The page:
Notable Releases of the Week (10/25)
There are also tons of new cool albums/EPs out today. I highlighted five below, and here’s a bunch of honorable mentions: Teebs, Mikal Cronin, Cloak, Mayhem, Dawn Ray’d, Zonal (Godflesh, The Bug), Little Scream, Vastum, Petbrick (Igor Cavalera and Wayne Adams), The Great Old Ones, Die Choking, SebastiAn, Anna of the North, Sunn O))), Young Guv, Van Morrison, King Princess, Hana Vu, Konradsen, Hemlock Ernst & Kenny Segal, Black Marble, Consumer (mem Have A Nice Life), Vacivus, Spray Paint, the Process Black (ex-Deadguy, Kiss It Goodbye) EP, the Juana Molina EP, the Vamachara EP, the Spiral Heads (Simon Doom, American Nightmare, Doomriders) EP, the TWIABP compilation, and the expanded reissue of Saves The Day‘s Through Being Cool (which you can read a retrospective review of here).
UPDATE: About 12 hours late, but the Kanye album finally dropped.
Read on for my five picks. What was your favorite release of the week?
Seattle band Great Grandpa’s 2017 debut album Plastic Cough was a solid but not necessarily distinct slacker rock album, but don’t let your impression of that album color your expectations for its followup Four of Arrows, because Great Grandpa now sound almost like an entirely different band. It’s a much more ambitious, musically diverse album that favors cleaner, slower, quieter parts than its predecessor and even more explosive climaxes, and brings in strings, synths, piano, and more. It’s the kind of thing that critics would be tempted to call an “evolution,” but Great Grandpa themselves would say that’s not exactly the case. Guitarist Dylan Hanwright said to Stereogum, “The stripped-back slacker thing was an intentional choice because it was easier to introduce ourselves as that and tour as that. This is something we wanted to do, these compositions and softer sounds, but were scared to do because it’s hard to pull off. It’s less of an evolution than it was a real representation of our interests.”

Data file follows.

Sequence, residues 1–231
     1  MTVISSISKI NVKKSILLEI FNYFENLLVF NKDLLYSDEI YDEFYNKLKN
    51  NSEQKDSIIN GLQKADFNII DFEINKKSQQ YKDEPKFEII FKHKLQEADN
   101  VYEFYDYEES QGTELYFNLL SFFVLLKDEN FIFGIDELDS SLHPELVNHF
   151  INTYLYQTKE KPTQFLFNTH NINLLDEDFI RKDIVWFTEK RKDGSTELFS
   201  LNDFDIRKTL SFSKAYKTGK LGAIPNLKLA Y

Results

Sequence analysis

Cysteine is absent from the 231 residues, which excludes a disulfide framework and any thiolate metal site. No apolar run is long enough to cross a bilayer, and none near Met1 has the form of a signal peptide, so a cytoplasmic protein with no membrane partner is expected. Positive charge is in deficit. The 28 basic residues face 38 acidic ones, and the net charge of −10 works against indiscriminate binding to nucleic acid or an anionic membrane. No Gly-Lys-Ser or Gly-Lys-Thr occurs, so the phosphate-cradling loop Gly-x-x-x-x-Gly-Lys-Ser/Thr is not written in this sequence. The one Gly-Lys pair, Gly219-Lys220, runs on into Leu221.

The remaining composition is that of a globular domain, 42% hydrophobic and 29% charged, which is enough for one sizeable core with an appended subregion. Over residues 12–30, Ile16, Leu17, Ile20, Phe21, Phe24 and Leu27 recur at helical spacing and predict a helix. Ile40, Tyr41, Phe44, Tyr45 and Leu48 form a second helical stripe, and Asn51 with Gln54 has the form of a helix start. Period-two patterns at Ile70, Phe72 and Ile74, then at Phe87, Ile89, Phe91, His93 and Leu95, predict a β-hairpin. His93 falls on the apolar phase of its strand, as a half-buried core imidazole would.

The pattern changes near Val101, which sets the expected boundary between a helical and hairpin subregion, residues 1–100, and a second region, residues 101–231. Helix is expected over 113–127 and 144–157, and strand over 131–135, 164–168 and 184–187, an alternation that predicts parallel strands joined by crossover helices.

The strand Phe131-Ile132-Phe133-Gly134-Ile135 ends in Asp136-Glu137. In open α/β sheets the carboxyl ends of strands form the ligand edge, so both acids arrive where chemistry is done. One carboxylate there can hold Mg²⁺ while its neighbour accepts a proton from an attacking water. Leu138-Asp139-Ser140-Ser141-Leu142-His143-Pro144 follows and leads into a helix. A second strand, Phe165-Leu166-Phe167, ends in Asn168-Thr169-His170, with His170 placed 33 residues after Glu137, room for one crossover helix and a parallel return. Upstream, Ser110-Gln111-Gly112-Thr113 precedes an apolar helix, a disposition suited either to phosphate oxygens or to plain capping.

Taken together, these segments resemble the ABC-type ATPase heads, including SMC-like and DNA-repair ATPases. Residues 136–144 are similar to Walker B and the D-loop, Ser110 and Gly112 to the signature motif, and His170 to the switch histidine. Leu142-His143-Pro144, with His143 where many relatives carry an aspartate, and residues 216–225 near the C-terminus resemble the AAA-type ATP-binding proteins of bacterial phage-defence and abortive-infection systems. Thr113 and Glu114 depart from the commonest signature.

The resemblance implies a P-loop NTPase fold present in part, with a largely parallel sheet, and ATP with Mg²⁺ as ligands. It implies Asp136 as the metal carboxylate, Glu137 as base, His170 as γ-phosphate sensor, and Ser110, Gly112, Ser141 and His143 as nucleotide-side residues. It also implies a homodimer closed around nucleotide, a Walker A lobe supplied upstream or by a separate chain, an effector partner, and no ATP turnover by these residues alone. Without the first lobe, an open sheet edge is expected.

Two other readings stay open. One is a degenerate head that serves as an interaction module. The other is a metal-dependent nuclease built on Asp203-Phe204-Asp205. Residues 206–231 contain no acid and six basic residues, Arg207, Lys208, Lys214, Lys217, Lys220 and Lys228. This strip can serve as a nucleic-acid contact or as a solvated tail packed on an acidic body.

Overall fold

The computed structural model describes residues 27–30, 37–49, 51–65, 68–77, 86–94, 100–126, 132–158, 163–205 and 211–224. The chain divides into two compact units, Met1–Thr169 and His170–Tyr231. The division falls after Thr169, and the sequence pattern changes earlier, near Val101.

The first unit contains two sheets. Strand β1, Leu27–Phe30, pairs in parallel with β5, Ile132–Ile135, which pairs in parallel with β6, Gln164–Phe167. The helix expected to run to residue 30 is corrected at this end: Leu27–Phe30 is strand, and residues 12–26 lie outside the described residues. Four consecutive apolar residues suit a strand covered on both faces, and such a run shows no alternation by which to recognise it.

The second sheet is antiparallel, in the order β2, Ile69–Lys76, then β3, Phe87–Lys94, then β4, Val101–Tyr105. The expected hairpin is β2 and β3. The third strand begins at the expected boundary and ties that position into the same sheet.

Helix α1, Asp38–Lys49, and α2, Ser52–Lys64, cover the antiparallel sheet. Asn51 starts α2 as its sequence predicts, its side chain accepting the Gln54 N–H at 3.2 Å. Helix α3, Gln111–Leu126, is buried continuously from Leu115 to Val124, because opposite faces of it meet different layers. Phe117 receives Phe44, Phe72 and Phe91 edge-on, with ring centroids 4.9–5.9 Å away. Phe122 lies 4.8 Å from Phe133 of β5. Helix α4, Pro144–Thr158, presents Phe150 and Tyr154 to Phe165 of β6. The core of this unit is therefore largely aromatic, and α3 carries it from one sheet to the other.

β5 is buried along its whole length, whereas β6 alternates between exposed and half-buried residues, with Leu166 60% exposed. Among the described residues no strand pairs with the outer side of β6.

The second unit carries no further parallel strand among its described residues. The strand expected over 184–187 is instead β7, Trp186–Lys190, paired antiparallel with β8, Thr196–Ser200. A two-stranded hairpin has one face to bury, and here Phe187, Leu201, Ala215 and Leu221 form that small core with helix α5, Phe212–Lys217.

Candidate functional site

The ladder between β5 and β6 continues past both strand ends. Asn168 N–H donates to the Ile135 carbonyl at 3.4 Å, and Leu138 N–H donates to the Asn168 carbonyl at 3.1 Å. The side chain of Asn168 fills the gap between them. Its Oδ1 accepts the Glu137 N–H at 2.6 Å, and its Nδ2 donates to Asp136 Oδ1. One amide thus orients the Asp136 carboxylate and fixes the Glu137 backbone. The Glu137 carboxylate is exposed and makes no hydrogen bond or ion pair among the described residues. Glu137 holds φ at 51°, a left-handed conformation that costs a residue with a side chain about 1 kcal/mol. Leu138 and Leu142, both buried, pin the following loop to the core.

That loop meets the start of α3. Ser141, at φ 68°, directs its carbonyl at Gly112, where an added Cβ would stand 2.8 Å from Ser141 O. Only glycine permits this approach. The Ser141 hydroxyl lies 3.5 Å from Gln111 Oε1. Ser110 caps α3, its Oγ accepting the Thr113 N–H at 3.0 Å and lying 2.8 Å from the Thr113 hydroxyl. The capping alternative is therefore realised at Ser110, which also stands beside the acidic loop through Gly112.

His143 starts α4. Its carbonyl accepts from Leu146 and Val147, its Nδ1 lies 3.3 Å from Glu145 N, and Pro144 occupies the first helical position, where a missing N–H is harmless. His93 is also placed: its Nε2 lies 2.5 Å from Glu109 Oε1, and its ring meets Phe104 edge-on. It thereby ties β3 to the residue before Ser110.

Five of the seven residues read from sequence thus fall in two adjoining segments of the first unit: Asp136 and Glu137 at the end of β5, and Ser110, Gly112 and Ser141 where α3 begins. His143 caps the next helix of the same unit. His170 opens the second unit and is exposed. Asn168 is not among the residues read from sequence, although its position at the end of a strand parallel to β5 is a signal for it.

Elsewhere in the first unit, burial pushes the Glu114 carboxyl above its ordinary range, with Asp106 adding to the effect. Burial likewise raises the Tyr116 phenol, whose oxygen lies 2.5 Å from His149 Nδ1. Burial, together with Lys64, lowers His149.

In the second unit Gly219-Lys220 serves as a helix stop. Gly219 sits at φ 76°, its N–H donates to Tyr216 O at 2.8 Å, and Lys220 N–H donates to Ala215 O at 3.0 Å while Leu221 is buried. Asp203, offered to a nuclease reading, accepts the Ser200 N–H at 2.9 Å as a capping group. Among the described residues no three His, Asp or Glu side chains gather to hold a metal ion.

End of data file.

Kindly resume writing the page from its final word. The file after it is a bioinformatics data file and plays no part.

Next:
I, for one, am glad Great Grandpa finally tried to make the record they always wanted to make, because their real interests are a lot more interesting and they did a fantastic job making a record like this — it’s got the polish and professionalism of a band who have been making music like this for much longer than Great Grandpa have. In that same Stereogum interview, drummer Cam LaFlam said that — unlike the debut — there were no specific influences they were trying to channel on this album, and one of the great things about it is how it can sound like so much familiar music at once, but never sound like it’s copying a particular thing. Throughout the course of the record, Four of Arrows can sound like anything from big ’90s alternative like Alanis Morissette or Third Eye Blind to 2000s sad indie like Death Cab or Rilo Kiley to more recent stuff like Waxahatchee and Phoebe Bridgers. It’s like three generations of powerful indie/alternative rock music all rolled into one, which makes it sound like a record you’ve known your whole life while still sounding totally new. (There’s also some other weirder stuff going on too, like the Radiohead-sounding piano interlude “Ending” or the vocoder part of “Bloom” that sounds like Imogen Heap.)